Residential Displacement: Extent, Nature, and Effects

Sandra J. Newman, Michael S. Owen

Research output: Contribution to journalArticle

Abstract

Each year, a small fraction of families move for reasons beyond their control. Among these involuntary movers are the displaced: those who are forced to move due to conditions affecting their dwelling or its immediate environments that make continued occupancy impossible. The average annual rate of displacement moves out of urban areas during the 1970s is estimated at roughly 1.0 percent. Families most susceptible to displacement were those with high housing cost burdens, short durations of occupancy, living in or close to the central city of the SMSA, receiving welfare, and headed by persons who are young and have low levels of eduction. Three findings concerning the effects of displacement are most noteworthy. First, the effects of displacement are not pervasive across three sets of outcomes: housing, income, and employment. Second, displacement appears to have some positive effects on material well‐being. Third, where detrimental effects do exist, they do not always support the assumption that the least well‐off suffer the greatest decline in material well‐being. 1982 The Society for the Psychological Study of Social Issues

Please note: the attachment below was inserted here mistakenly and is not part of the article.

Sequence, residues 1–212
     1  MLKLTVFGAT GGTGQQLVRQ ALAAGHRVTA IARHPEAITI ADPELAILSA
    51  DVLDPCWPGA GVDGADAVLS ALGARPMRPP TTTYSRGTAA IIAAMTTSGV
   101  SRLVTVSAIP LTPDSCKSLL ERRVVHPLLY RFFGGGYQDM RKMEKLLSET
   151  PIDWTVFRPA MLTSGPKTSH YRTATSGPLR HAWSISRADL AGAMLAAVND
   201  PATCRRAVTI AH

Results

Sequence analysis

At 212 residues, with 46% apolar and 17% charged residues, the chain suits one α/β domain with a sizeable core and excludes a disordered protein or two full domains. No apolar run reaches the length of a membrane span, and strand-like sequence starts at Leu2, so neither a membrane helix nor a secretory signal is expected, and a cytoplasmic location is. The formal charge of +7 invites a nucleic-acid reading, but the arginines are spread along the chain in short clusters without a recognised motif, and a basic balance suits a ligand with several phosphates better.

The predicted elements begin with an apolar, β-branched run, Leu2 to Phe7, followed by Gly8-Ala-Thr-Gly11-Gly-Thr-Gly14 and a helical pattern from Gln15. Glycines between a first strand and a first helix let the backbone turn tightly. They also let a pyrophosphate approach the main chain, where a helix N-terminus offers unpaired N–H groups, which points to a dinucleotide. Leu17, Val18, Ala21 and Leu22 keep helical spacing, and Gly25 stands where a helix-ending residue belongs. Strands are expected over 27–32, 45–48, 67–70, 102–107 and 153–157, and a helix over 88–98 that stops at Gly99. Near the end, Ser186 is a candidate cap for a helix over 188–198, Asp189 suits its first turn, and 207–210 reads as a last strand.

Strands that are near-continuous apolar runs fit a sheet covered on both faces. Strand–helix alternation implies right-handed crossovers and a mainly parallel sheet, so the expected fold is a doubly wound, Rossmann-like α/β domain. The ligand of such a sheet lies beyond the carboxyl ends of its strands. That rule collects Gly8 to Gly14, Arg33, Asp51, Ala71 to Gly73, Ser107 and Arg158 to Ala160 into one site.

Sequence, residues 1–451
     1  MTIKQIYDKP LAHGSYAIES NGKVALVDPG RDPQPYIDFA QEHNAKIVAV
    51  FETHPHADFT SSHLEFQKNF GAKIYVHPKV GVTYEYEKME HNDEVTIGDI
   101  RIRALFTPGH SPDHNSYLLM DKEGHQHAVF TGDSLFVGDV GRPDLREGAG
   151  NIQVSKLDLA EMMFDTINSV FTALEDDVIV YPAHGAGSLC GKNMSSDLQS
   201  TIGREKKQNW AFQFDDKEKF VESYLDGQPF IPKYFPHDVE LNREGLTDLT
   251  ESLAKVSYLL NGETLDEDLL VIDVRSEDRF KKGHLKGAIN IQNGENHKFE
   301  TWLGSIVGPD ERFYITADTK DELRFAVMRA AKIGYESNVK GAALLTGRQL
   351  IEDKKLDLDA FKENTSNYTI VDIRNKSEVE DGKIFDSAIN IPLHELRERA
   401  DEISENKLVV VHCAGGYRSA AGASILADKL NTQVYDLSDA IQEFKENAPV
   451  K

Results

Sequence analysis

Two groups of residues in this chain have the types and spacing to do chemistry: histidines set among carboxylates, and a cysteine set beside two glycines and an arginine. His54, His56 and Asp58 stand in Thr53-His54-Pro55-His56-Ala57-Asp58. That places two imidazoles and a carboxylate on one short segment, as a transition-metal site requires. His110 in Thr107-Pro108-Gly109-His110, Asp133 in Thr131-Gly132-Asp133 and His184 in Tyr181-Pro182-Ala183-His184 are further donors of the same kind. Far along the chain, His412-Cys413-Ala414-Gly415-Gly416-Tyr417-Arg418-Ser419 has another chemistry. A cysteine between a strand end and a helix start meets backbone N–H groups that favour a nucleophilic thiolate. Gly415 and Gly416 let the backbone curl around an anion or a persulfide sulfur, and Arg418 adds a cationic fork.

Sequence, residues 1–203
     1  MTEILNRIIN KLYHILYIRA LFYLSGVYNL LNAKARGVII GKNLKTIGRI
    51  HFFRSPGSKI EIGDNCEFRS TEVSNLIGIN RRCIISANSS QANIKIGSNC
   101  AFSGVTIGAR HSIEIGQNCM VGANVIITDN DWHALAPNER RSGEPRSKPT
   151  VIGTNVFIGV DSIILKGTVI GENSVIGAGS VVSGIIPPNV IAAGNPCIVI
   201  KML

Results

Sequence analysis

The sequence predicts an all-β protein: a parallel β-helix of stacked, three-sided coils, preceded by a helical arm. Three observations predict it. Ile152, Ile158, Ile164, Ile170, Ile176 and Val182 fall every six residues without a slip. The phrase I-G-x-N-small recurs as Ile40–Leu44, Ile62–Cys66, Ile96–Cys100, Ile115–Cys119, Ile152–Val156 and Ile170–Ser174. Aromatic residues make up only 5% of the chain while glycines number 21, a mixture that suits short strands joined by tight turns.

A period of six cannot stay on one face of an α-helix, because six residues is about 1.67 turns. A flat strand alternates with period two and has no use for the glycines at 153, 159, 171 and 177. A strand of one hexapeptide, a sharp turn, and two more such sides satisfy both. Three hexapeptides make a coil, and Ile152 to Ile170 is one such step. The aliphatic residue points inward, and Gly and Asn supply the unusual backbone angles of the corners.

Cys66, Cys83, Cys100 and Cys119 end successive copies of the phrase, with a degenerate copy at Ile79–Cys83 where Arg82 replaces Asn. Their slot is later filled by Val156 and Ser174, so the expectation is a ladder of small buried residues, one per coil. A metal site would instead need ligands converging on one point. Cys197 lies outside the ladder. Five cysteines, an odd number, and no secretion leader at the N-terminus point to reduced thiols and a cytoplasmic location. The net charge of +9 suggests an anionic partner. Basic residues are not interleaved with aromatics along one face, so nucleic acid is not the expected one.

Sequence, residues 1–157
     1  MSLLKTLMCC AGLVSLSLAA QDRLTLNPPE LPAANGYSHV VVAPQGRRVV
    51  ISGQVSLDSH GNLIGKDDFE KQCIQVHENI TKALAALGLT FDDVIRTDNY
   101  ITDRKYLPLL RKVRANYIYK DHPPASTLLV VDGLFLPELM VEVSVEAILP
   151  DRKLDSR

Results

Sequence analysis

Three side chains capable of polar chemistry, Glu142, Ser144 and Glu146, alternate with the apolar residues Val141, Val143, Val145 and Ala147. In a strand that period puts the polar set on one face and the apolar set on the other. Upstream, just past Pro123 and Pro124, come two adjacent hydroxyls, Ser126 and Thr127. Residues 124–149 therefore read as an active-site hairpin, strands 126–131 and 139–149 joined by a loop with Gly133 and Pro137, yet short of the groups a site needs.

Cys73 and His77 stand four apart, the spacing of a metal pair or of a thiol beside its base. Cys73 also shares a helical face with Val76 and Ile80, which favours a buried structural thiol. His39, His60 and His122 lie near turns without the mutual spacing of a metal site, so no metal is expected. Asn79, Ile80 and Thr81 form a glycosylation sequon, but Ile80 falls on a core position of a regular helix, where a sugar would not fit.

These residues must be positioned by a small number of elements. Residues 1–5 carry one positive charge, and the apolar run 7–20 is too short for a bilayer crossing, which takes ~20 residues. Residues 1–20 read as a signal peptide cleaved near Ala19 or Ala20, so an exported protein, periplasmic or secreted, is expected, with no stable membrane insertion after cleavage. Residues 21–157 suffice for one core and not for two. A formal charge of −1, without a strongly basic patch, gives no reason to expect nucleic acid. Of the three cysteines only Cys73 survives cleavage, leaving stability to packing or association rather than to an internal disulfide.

Original languageEnglish (US)
Pages (from-to)135-148
Number of pages14
JournalJournal of Social Issues
Volume38
Issue number3
DOIs
StatePublished - Jan 1 1982

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ASJC Scopus subject areas

  • Social Sciences(all)

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